Through all of the challenging timing and muscle memory the game imposes on players, it needs to be said how there is one major point of concern: “floatiness”. While personal skill level plays a major factor here, there is a growing concern over how floaty Sargon tends to be at times. While precision inputs are an absolute requirement for both platforming and combat, the game will seldom just not work as intended. Sometimes Sargon will take just a split second too long to perform a queued action, and sometimes his jumps will be more lazy than usual. Similarly, Sargon will sometimes just halt a combat chain or drop to the ground while performing a mid-air combo. With that said and to reiterate, personal skill level may be the important factor here; however it is something to take note of. There is one other small nitpick, an infuriating instance where the game ganks the player with as many mobs as it possibly can during a boss fight, leaving skill level at the door in favour of button mashing, but fortunately every other aspect of the game is an absolute wonder to behold.

Prince of Persia The Lost Crown is not some empty husk of a platformer either. The amount of collectibles and lore strewn throughout Mount Qaf is stellar to say the least. Opening the map will reveal how many tablets, items, and inscriptions can be found throughout any given level, while the world tells a tale of intermingling time and sand, flowing disproportionately and never quite like the river it is meant to be. People grow old right before Sargon’s eyes while multiple versions of the hero either lie dead, or vie for his powers. Friends become enemies, while enemies have their allegiances questioned and relationships are fostered throughout an otherwise war-weary world.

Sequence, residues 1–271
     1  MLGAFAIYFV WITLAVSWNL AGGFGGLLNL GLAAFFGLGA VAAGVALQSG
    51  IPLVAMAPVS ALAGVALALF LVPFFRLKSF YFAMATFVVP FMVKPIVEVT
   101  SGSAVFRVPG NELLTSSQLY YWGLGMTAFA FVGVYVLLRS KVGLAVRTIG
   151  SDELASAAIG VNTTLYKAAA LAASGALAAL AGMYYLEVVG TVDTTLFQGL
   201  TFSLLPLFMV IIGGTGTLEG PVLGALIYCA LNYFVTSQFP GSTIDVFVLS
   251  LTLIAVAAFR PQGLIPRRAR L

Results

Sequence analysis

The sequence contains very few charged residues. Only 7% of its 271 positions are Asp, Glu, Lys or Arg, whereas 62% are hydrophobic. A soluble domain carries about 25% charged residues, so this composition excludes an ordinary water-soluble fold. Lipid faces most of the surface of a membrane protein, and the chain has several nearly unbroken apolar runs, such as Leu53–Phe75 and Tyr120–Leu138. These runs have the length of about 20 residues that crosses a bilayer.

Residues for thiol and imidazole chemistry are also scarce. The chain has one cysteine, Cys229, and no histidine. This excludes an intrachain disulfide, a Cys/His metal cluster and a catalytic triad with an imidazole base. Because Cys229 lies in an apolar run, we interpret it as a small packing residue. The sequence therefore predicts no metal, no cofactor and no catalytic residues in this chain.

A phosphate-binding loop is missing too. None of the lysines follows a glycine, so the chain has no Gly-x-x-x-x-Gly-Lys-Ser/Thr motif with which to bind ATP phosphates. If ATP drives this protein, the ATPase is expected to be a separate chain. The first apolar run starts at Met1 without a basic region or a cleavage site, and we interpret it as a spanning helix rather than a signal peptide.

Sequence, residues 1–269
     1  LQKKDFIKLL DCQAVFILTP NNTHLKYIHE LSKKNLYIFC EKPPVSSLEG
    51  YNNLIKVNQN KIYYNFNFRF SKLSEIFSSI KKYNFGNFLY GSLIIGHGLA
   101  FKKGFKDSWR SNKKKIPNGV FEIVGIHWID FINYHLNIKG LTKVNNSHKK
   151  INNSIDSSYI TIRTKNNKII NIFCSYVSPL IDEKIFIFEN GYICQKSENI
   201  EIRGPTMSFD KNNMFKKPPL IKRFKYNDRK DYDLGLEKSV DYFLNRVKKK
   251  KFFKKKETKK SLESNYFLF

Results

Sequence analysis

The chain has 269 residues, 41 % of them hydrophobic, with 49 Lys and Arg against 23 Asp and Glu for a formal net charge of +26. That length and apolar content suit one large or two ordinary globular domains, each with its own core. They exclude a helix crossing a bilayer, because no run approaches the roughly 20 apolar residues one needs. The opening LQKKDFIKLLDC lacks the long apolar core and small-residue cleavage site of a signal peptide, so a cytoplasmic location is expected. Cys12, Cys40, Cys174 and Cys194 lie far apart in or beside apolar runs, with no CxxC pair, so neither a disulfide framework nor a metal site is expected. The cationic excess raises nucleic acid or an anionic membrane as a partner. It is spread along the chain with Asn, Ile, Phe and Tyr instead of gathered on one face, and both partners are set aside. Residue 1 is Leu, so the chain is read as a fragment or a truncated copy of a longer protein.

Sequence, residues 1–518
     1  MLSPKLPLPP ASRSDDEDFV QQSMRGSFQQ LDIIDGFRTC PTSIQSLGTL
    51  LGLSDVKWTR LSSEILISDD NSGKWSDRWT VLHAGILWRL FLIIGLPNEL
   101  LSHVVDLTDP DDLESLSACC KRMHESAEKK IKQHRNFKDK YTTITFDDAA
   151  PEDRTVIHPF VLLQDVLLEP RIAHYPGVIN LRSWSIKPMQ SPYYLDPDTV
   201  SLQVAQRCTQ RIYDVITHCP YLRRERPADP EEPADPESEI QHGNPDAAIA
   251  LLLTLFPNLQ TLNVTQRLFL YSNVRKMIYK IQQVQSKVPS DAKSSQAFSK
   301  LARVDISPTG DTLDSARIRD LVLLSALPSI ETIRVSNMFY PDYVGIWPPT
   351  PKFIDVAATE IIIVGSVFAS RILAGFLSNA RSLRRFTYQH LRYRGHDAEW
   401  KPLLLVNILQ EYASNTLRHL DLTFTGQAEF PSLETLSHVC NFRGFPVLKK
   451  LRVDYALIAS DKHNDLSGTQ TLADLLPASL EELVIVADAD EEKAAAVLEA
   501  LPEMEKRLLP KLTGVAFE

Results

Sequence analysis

Furthermore, it must be said just how much of a gold standard Prince of Persia The Lost Crown is on a technical front. The game did not freeze or stutter once in 30 hours of gameplay! Loading is always quick, and Quick Resume on Xbox works flawlessly. Moreover, players can expect a smooth 4K60 on the Xbox Series X, with additional performance toggles for accessibility available at the very start of the game, or at any moment throughout.

From the way Ubisoft have crafted an immaculate world based on history and mythology, through to how the narrative plays into the gameplay, the talent at Ubisoft Montpeiller have done the franchise proud. Prince of Persia The Lost Crown emerges as a refreshing addition to the works of time shifting sands. While diverging from its recent third-person entries and returning to its roots as a side scrolling title, it masterfully aligns expectations from fans of both the licence, and the genre. The game captures the brilliance of the original Prince of Persia titles while conforming to modern mechanics in order to deliver a thoughtful, yet nostalgic experience. Prince of Persia The Lost Crown impresses with its impeccable world building, engaging lore, and compelling narrative; standing as a testament to how well looked after the franchise can be, when in the right hands. 



Ubisoft are masters mythology and historical fictionThe controls can feel “floaty”.
Perfect genre for the Prince of Persia brand
Gold standard for technical performance

Title reviewed on Xbox Series X with code supplied by Ubisoft.

Review Methodology | Ethics Policy

Junior Editor at Vamers. From Superman to Ironman; Bill Rizer to Sam Fisher and everything in-between, Edward loves it all. He is a Bachelor of Arts student and English Major specialising in Language and Literature. He is an avid writer and casual social networker with a flare for all things tech related.